It’s summertime! That means plenty of fun outside playing basketball, tennis, hiking and other summer sports. With higher temps comes a higher risk of injury when playing outdoor sports.
This year I established a goal for Lively Kitchens to partner with like-minded professionals that are experts in their field, strive to provide superior customer service and are compassionate about their clients.
One such client is Diamond Physical Therapy in Algonquin, IL. Chuck and Sue (owners) not only provide quality care for their clients, they reach out to local businesses and support community health. In this post, Diamond Physical Therapy provides recommendations to insure your summer stays cool when you follow these sports safety tips:
Check out your child’s playground
- Each year, emergency departments treat more than 200,000 children ages 14 and younger for playground-related injuries. Look for adequate surfacing under equipment and loose or broken screws on the equipment itself.
- Keep toddlers under age 5 in a separate play area, fenced off from equipment designed for bigger kids.
- Actively supervise children on playgrounds.
Enjoy the water and keep an eye on children at all times
- Wearing a life jacket can save your life. There are life jackets available for any type of water activity; you don’t have to use the bulky orange ones, get something stylish!
- Use safety gates or define perimeters to keep children from wandering off and getting into serious trouble, especially around backyard swimming pools. Pools should always have fences all the way around them.
- Get training in basic water rescue skills, first aid, and CPR. Learn to swim and teach your children to swim.
Prepare Kids for the Demands of Playing a Sport
Before playing organized sports, make sure your child receives a pre-participation physical exam, or PPE, performed by a doctor, a nurse practitioner or qualified clinician under the supervision of a physician. Whoever performs the exam, the same practices should be followed, including the need for a medical history.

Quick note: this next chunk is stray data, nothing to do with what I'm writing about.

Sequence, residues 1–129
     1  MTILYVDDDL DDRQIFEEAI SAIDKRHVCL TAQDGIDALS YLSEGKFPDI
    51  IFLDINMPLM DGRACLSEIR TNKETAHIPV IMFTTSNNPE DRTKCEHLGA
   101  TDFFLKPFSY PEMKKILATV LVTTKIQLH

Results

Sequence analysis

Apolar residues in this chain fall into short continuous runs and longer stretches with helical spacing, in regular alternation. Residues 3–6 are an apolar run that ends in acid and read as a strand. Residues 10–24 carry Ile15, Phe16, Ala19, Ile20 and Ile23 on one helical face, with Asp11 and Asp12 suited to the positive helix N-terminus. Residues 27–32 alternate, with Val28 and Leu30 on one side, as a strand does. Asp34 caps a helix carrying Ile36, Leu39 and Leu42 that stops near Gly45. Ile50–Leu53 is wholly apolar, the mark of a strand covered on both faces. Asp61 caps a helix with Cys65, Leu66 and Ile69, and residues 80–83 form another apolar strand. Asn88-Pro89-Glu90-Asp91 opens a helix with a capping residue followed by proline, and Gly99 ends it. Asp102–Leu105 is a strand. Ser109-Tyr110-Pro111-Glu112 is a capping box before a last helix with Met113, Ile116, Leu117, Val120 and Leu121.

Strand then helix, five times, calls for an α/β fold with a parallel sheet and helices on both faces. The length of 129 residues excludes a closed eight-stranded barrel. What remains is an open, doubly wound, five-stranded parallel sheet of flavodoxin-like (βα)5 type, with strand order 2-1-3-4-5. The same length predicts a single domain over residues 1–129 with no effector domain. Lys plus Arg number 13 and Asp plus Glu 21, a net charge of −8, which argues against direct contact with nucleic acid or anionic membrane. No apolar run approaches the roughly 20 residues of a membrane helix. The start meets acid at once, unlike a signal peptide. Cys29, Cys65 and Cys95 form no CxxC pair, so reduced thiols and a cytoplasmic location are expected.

Always warm up and cool down
Before you head out for a summer sporting activity, make sure that your muscles are primed for play by doing a few minutes of stretches. Also, a few minutes of cool down activities once you’re done will help combat pain and stiffness.
Remember to Hydrate
- Learn the signs and symptoms of dehydration and other forms of heat illness.
- Send athletes to practice and games with a water bottle and encourage them to stay well-hydrated by drinking plenty of water before, during and after play.
- Encourage athletes to drink fluids 30 minutes before activity begins and every 15-20 minutes during activity.
- If you’re a coach, establish mandatory water breaks throughout practice and games – don’t wait for your athletes to tell you they’re thirsty.
Make Rest a Priority
To help avoid overuse injury, athletes should take breaks during practices and games. Encourage athletes to tell coaches, parents or another adult about any pain, injury, or illness they may have during or after any practices or games. Athletes should take at least one or two days off each week from any particular sport.
Wear Appropriate Sports Gear
Use appropriate and properly-fitted sports gear to prevent or reduce the severity of injuries. Make sure athletes use the correct equipment in order to participate in both practices and games. This may include helmets, shin guards, mouth guards, ankle braces, shoes with rubber cleats and sunscreen.
Wear a helmet or use the proper protective equipment
A helmet is the single most effective way to prevent head injury from a bicycle crash. Make sure you always wear a properly fitted helmet. A proper fit means the helmet is not too wide or loose and doesn’t tip backwards exposing the forehead.
Don’t ignore signs of physical distress
- Headaches, fatigue, muscle cramps and nausea are all signs of heat exhaustion, a condition caused by not cooling the body enough in hot conditions. If you feel these symptoms coming on, be sure to take a break, move to a cooler location and drink some water.
- Ignoring signs of heat exhaustion can cause heat stroke, a potentially life-threatening condition.
Don’t play in dangerous weather-conditions
Avoid playing in thunder and lightning or other forms of severe weather. Strong winds, rain torrents and lightning strikes can make for hazardous conditions, which can lead to serious injury or death.
Don’t Take Chances with the Brain: Know the Signs and Symptoms of Concussions
- Learn the signs and symptoms of a concussion. This information is important for coaches, parents and athletes. An athlete with a suspected concussion must be removed from play until evaluated and cleared by a medical professional.
- A good rule of thumb: when in doubt, sit them out.
This post has been created by Diamond Physical Therapy in Algonquin, IL
Recipes for Consideration:
Frozen Mixed Fruit Popsicle (found in the Beverage section)
Farmers’ Market Potato Salad (found in the Salads & Greens section)
Black Bean Mango Salsa (found in the Appetizer section)
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